by Mindy Newman
If someone had suggested to me a few years ago that it would be a good idea for me to publicly share my experience with meditation by writing about it in a blog post, I frankly would have thought that they were insane and considered politely urging them to seek mental health treatment. My stream of consciousness probably would have gone something like: “I am a terrible meditator. I don’t have any discipline. My mind is an absolute mess. I don’t even like meditating. What is wrong with this person — isn’t is obvious that I am awful at this?” I really believed there was something wrong with me — a Buddhist practitioner who hated meditation, and I felt tremendous shame about it.
Students of the Contemplative Psychotherapy Program practicing meditation while on retreat at Menla Mountain House. Photo by Darren Ornitz.
For years, I sat in meditation classes and imagined that everyone else on the cushion was having some kind of better experience. I’d heard enough instructions from different teachers about the ubiquity of the “monkey mind” to accept that distraction was normal, but surely my amount of distraction was too much — much more than normal — and definitely more than anyone else’s.
by Geri Loizzo
There’s a reason why I’m so excited about our upcoming Meditation Teacher Training in Compassion (view announcement page). Though we benefit greatly from Mindfulness as the way of personal freedom, or the vehicle for not getting caught up in the stresses of everyday life, it is compassion practice that takes us back to Mindfulness’ ethical roots. Historical Buddha, after all, declared that every mind is noble regardless of race, class or gender. In that sense, his remarkable insights, the four noble truths, were radically compassionate at their very core.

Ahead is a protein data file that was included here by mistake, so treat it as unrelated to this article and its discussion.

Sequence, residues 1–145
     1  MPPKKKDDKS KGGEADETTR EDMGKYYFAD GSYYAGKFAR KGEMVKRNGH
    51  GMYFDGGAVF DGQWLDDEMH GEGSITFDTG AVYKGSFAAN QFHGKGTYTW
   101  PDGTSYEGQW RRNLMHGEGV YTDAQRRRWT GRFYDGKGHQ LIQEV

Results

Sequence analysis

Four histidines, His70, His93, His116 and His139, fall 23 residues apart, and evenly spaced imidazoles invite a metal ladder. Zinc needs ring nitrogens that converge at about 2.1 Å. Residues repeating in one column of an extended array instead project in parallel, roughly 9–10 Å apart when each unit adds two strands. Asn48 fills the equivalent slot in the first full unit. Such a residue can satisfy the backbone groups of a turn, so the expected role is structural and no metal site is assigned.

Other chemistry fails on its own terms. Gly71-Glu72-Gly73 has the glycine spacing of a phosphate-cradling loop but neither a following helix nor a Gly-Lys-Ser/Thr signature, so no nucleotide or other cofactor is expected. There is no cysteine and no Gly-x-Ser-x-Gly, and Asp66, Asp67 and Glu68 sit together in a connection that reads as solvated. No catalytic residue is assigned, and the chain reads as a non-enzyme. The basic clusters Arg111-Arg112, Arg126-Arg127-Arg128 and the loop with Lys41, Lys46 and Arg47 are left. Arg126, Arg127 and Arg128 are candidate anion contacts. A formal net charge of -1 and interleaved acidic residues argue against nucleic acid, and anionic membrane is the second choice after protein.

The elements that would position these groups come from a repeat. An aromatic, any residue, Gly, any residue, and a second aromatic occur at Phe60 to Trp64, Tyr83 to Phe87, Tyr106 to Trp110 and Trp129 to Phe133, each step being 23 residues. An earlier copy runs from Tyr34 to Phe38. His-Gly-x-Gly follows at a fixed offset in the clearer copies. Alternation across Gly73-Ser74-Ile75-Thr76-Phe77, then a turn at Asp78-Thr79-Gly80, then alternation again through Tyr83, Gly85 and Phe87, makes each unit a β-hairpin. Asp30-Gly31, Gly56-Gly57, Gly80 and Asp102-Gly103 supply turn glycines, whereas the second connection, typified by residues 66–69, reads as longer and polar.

Students and teachers gather for graduation photo at the conclusion of our last training. Congratulations everyone!
Compassion Training is a treasure of practices that have the potential to soften the heart, protect from stress, and bring us closer to our fellow human beings in an ever-widening circle of kin. They are a social gift that keeps on giving.
by Joe Loizzo
Early this year, the Tibetan community in exile and the international Buddhist community lost one of its leading lights—Kyabje Ngawang Gelek Demo Rimpoche—known to his many students around the world as Gelek Rimpoche, or simply Rimpoche, our precious gem. Besides His Holiness the Dalai Lama and Gelek’s peer, Trungpa Rimpoche, our jewel had few equals in his ability to be a living bridge between the spiritual-intellectual elite of Tibet’s Himalayan ivory towers and the increasingly global technology and pop culture of the modern West. While his preeminence among the vanishing breed of master scholars trained in the mountain kingdom alone would have merited a storied place in history, it was his unexpected role as a leading monk-exile turned lay Buddhist teacher that earned him global renown.